Paul addresses the concept of divine election when he writes to the Romans (Rom. 8:28-39). In these verses, God’s plan is presented as the foundation of hope. In virtually every passage where the apostle uses the term election or predestination he is referring to the entire community of Believers rather than individuals. Each Christian must ensure he obeys the God’s invitation to be justified in His sight (Rom. 8:30). Predestinationalists herald the fact that “nothing can separate them from the love of Christ” (v. 39) as a text that proves personal divine election. However, Paul never denies a Believer can reject Christ at any point in their walk with God. While it is true no external force can separate a Believer from Christ, every Believer has the power to separate himself from Christ at any time (Heb. 6:4-6). Peter reminds us to “make our calling and election sure” (II Pet. 1:10). This suggests every Believer must endeavor to persevere spiritually.
To believe that God has pre-selected some to be saved is a two-sided coin. The flipside of this theological error infers God has subsequently condemned everyone else. According to this reasoning, God deliberately withholds His grace from 90% of the people on earth. Predestinationalists believe God in His foreknowledge looked into the future, saw who would accept Christ, and then “elected” them for salvation. This thinking is potentially dangerous. Non-Christians who hear of this doctrine might assume they are not among those especially pre-selected and use this as an excuse for not accepting Christ. Bad doctrine always results in bad actions. God’s plan of salvation is not fatalistic, for He is unwilling that any perish (II Pet. 3:9). Paul stands in the shoes of a sinner and hypothetically asks, “Can God really fault me for sinning if He has already determined my fate” (Rom. 9:19)? He answers his own question by stressing God’s patience and grace regarding sinners (vv. 22-24). It is not individuals that are selected, but the Church is “chosen” out of the world (Jn. 15:19). Through the cross of Christ, He has made provision for everyone to repent and serve Him.
Every person who repents must do so of their own free will. God has chosen preaching and teaching as the means to bring people into a personal relationship with Christ. But belief in extreme predestinationalism disregards the need for evangelism. There would be no mandate to preach to the “elect” if such privileged persons are destined to be saved anyway. Paul feels impelled to carry the Gospel message to other nations that they might hear and obey (Rom. 1:14-15).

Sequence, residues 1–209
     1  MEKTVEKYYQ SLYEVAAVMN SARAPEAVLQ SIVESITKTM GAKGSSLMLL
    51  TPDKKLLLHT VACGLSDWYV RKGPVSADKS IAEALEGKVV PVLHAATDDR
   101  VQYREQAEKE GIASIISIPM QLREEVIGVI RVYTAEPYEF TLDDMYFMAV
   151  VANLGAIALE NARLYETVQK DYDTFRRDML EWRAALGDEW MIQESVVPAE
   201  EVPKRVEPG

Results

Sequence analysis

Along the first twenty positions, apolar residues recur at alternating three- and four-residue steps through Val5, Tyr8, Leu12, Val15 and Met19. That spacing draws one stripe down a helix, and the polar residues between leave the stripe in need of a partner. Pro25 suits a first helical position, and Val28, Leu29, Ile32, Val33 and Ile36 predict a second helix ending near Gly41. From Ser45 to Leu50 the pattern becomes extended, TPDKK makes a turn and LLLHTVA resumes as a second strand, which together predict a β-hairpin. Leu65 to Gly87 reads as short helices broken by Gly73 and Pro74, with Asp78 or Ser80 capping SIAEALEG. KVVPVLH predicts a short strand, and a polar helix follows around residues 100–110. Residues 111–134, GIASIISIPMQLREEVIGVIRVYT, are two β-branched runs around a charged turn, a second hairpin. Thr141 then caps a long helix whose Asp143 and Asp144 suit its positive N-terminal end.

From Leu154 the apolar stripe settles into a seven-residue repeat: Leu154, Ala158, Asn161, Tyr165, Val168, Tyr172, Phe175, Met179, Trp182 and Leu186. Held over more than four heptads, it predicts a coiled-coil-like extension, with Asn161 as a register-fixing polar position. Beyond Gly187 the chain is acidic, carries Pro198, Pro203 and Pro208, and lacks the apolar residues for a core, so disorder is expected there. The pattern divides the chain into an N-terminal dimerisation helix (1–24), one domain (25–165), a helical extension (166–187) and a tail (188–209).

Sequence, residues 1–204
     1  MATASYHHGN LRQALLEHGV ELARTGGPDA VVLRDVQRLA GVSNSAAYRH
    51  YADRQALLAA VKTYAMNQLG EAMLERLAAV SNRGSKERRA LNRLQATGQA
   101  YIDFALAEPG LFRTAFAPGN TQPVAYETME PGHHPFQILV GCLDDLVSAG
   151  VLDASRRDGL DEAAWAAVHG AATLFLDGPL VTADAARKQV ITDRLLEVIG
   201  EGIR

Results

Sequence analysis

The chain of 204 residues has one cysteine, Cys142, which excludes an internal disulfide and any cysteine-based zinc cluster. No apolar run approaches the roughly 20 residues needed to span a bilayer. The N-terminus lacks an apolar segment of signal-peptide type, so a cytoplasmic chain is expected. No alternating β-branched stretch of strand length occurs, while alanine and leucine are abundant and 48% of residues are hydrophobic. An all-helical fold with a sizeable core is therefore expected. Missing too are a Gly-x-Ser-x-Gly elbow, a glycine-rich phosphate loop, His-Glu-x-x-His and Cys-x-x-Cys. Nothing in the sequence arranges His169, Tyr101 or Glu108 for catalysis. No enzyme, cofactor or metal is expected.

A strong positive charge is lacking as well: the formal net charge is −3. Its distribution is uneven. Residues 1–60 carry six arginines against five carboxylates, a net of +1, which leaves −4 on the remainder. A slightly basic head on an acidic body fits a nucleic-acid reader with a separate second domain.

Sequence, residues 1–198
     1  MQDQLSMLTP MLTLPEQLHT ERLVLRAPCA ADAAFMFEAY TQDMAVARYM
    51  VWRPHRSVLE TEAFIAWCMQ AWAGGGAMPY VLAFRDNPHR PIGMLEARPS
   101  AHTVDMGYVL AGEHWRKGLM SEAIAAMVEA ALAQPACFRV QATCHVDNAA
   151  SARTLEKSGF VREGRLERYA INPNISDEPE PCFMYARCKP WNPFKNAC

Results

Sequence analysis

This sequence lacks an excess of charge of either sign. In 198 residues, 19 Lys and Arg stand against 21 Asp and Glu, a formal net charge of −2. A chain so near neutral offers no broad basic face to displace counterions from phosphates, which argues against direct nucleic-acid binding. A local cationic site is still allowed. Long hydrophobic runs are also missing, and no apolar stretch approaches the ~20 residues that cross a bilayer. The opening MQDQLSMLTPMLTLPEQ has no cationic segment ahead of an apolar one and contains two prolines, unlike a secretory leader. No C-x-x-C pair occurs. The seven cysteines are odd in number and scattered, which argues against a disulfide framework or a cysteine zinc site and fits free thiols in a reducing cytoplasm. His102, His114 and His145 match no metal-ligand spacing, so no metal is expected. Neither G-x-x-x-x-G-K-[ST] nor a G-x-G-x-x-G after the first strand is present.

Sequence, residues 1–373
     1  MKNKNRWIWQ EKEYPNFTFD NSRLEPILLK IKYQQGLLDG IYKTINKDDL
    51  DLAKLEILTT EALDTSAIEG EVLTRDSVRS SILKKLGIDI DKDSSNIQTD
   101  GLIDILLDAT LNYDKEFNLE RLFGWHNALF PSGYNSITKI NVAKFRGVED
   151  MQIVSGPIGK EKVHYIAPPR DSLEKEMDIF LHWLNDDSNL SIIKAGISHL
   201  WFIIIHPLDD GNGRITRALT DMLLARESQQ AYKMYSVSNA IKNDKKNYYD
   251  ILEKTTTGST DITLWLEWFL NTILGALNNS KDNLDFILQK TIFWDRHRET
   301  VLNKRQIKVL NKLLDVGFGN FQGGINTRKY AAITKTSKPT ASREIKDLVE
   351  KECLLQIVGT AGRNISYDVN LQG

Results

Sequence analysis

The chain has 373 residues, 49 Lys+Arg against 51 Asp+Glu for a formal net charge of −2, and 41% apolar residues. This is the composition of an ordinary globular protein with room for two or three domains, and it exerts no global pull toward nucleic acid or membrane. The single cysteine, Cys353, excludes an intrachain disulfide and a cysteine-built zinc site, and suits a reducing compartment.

Those who feel they are especially marked for salvation traditionally make an additional reckless theological leap. Most denominations that adhere to this doctrine have also fallen into the trap of “eternal security.” They allege that because they are God’s favorites, they can never be lost. According to this reasoning, any sin a predestined Believer commits is somehow automatically forgiven. No matter what sins they may commit, they will somehow find themselves in heaven one day. This notion naturally leads to pride and complacency. Although predestinationalists say their divine selection is an incentive to be joyful and thankful, it most often leads to license and disobedience. The idea of being a part of a specially favored group God has foreordained for salvation breeds vanity and spiritual slothfulness. Just as water always seeks its lowest level, so human nature gravitates and presumes upon God’s mercy and grace. This false doctrine has lulled millions into the trap of moral and spiritual laxity.
The Bible inevitably links the concept of election with warnings concerning the need for perseverance and steadfastness (Mk. 13:13-33). The New Testament writers are united in stressing that a Christian is only eternally secure as long as he stays firmly committed to Christ (Jn. 15:7). The same freedom that allows one to accept Christ can also be employed to reject Him. Every individual is saved by personal choice and remains in that state by staying true to God. Adamant, concentrated perseverance is the narrow path Jesus encourages every disciple to walk (Mt. 7:14). Jesus informs us we are His disciples as long as we continue to obey His commands (Jn. 15:4). It is by continuance in His Word we are His disciples, for His truth sets us free from false doctrines (Jn. 8:31-32).
How God maintains His sovereignty and at the same time allows human freedom of choice is a mystery He has reserved for Himself. Although the human mind will never harmonize God’s omniscience and man’s free will, no one should downplay one concept and overemphasize the other. God’s wondrous plan is perfectly designed but the responsibility for salvation is always placed in the hands of the individual. Although God’s foreknowledge is unfathomable, perpetual perseverance is still the fundamental rule for optimism and true happiness. We can rest assured that because His plan of salvation is predestined to succeed, all those who follow His plan are predestined to succeed.
Points to Ponder
1. What key word is common in the following verses? What does this suggest?
2. What key word is common in the following verses? What does this teach us?